Nanocomposites are a recent development in polymer technology, and are in process of commercialisation. This has been of great interest to researchers and the plastic industry, as the modified polymer has generated significant improvements in its mechanical properties. This project will study the effects of clay nanoparticles on polyethylene (PE) properties. An important issue is their toughness, which can be measured by the essential work of fracture. Investigations on how fracture toughness can be improved are the main objectives of this work.
To manufacture polymer nanocomposites, Somasif ME-100 (layered silicates) was added to, a linear low-density polyethylene (LLDPE), alkatuff 711, and a semi crystalline copolymer, Exxelor VA 1801. Specimens were made with and without the clay, so that the work of fracture of the materials can be compared. As Somasif ME 100 has a large platelet size, these results will also show if varying platelet sizes has an effect on the fracture toughness.
A dry mix was made by accurately measuring the pellets of the PE material and adding 5wt% of Somasif ME-100. The mix was then heated, mixed and pressed to produce square sheets with a thickness of less than one millimetre. Specimens were cut for tensile and work of fracture tests, to experimentally obtain the mechanical properties of the PE. From these results, the essential work of fracture of both the nanocomposites and their respective polyethylene material can be compared, showing the effects of the Somasif nanoparticles. Tensile tests determined improvements of strength, fracture toughness, stiffness and strain at break.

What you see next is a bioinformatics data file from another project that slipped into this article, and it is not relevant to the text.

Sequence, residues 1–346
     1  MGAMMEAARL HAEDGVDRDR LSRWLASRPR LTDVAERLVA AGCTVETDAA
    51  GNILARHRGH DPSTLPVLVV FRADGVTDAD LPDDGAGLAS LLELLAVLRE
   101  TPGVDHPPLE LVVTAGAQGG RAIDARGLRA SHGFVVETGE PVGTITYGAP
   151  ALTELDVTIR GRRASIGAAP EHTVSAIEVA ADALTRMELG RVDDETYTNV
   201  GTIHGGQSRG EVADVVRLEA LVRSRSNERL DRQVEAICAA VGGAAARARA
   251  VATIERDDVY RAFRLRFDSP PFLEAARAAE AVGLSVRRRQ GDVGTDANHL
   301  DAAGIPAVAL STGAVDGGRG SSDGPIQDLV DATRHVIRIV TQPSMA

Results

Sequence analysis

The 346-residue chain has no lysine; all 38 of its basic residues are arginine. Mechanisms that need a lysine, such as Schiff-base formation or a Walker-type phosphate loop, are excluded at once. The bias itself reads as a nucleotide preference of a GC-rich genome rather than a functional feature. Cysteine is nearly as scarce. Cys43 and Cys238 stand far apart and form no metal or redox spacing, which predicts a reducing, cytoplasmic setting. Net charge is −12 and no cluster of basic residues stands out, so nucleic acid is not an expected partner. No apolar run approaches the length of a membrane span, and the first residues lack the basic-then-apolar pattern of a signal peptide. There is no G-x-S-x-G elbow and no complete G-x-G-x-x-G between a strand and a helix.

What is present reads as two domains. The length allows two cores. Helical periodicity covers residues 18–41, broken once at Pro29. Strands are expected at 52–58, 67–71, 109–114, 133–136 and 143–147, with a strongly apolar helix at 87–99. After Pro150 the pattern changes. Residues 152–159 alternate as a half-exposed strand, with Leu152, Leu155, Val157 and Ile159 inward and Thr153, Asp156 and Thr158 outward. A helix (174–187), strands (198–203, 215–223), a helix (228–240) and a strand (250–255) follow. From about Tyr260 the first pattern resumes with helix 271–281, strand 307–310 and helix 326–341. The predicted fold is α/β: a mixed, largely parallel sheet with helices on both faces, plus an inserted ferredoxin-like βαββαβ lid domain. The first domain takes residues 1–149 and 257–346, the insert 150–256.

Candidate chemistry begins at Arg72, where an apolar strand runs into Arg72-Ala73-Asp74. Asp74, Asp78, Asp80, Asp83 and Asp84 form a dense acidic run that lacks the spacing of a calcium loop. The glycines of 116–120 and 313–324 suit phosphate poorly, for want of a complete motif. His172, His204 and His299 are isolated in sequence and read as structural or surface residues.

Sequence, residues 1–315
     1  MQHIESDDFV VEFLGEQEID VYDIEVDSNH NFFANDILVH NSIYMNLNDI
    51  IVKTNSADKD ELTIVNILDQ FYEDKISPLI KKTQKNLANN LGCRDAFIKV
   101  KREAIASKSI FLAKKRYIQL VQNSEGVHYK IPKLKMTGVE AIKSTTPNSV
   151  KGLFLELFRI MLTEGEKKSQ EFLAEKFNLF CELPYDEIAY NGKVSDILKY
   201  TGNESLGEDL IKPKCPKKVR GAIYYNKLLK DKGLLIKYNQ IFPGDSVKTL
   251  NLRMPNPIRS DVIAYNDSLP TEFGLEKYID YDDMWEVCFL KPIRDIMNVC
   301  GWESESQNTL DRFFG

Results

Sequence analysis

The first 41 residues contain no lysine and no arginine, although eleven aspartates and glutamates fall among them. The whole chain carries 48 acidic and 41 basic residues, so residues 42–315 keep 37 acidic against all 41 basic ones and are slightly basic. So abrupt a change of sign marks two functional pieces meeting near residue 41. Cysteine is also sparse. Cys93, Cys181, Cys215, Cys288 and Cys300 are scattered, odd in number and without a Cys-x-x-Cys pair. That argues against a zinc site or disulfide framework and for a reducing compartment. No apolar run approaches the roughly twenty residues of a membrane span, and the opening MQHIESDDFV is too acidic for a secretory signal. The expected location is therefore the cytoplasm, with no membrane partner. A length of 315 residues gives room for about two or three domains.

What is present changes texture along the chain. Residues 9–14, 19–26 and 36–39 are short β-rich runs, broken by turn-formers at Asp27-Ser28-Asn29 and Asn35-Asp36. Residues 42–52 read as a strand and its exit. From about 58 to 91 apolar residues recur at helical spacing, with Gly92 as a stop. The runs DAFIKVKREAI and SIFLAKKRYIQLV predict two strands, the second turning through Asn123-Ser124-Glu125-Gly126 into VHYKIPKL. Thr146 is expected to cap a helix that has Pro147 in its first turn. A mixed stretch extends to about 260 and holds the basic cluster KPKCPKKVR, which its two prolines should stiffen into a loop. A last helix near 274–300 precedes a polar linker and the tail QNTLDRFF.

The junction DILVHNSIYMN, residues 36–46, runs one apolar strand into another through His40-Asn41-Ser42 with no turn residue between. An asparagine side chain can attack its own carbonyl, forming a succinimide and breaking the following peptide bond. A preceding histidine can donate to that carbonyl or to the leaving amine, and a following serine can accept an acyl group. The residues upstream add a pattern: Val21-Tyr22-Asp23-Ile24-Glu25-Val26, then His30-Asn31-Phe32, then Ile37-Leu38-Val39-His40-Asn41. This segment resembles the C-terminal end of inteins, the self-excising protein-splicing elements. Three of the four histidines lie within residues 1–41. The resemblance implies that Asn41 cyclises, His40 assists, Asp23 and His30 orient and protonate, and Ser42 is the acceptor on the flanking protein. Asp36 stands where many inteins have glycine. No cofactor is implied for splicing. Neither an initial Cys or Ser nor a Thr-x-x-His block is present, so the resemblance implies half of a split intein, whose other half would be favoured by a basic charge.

With the addition of organoclay particles, the yield stress was found to have an increase of less than 2% for 711, and almost 20% in Exxelor. As for the modulus of the PE,
an increase of approximately 10% and 40 % was found, for 711 and Exxelor respectively. For the fracture toughness of the nanocomposites, a decrease of more than 60% in the work of fracture was found for both materials. This was also evident in the tensile test, where the strain at break was lower for the clay-modified polyethylene, than their host polymer.